Are acorns poisonous to dogs?
Autumn brings beautifully coloured trees and crunchy paths of fallen leaves. Along with leaves, this is the time of year when conkers and acorns are found on the ground and few people realise that these nuts can pose a serious health risk to your pet if eaten.
What should I do if I think my dog has eaten an acorn?
Contact your vet straight away for advice.
What are the symptoms of dog acorn poisoning?
Although fatalities are rare, if your dog has eaten acorns it could still pose a serious threat. In general, the more acorns eaten, the sicker your dog may be.
Dogs who have eaten acorns can experience:
- abdominal pain
- toxic shock
- death, in rare and severe cases
Signs of illness usually arise within a few hours.
Why are acorns dangerous to dogs?
Acorns contain tannins which can cause upset tummies and, though rare, can lead to kidney failure and be fatal. It is also possible for them to cause a blockage of the intestines in smaller dogs.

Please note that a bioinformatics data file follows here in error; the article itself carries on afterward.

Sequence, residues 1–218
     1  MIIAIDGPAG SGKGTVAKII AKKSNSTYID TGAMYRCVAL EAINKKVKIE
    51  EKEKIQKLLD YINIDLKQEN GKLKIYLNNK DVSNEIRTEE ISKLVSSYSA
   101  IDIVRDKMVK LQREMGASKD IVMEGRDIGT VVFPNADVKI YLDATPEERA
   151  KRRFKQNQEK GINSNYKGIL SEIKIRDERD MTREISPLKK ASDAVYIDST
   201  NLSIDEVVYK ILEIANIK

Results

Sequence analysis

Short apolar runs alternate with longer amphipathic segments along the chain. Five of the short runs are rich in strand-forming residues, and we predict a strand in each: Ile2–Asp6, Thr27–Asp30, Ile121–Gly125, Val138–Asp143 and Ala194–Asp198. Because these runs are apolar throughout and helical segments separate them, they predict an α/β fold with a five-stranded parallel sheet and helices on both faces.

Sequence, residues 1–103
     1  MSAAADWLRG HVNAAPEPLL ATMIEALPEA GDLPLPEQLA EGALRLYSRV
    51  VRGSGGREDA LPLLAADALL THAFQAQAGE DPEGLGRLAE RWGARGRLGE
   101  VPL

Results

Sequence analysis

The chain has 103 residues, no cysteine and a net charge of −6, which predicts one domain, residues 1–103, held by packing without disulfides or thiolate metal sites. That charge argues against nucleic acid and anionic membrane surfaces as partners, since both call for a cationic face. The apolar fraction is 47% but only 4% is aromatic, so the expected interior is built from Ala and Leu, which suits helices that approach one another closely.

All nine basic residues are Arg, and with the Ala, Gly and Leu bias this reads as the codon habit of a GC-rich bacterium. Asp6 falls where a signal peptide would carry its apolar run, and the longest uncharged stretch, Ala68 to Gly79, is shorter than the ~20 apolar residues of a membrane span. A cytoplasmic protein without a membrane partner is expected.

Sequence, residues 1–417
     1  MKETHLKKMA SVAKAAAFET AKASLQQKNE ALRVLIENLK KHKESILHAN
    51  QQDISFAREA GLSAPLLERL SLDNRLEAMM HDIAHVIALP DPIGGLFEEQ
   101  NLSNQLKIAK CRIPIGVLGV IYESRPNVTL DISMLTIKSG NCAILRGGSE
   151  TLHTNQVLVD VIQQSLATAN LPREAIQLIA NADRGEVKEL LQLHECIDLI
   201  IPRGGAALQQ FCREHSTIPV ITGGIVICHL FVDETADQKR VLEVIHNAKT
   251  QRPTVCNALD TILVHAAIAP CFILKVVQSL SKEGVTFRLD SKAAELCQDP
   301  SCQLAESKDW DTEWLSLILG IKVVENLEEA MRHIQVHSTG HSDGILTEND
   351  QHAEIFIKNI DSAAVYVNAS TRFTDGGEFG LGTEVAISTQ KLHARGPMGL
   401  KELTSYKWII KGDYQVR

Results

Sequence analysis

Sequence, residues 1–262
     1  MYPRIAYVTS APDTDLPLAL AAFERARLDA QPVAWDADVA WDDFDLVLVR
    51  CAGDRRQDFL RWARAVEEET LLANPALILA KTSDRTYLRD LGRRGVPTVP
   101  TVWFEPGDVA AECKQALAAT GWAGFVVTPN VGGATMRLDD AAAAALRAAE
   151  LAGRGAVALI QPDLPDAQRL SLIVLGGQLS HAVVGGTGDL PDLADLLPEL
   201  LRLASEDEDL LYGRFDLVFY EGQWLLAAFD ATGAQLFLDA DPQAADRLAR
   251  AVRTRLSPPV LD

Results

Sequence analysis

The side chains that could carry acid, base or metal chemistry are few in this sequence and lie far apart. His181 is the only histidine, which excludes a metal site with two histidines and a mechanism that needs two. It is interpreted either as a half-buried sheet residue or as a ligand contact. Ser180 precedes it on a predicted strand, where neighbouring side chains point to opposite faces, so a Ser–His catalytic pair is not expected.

What treatment is my dog likely to receive if they have eaten an acorn?
Depending on the severity, your dog may need to be rehydrated and given medications to manage their symptoms.
In the case of an acorn causing a blockage, surgery will be needed.
How do I stop my dog from eating acorns?
Dogs love snuffling through the autumn leaves with lots of scents to discover. So, the best thing is to keep a close eye on them to make sure they’re not picking up anything dangerous. Don’t encourage your dog to catch or play with acorns and if they show signs of being unwell after your walk, call your vet immediately.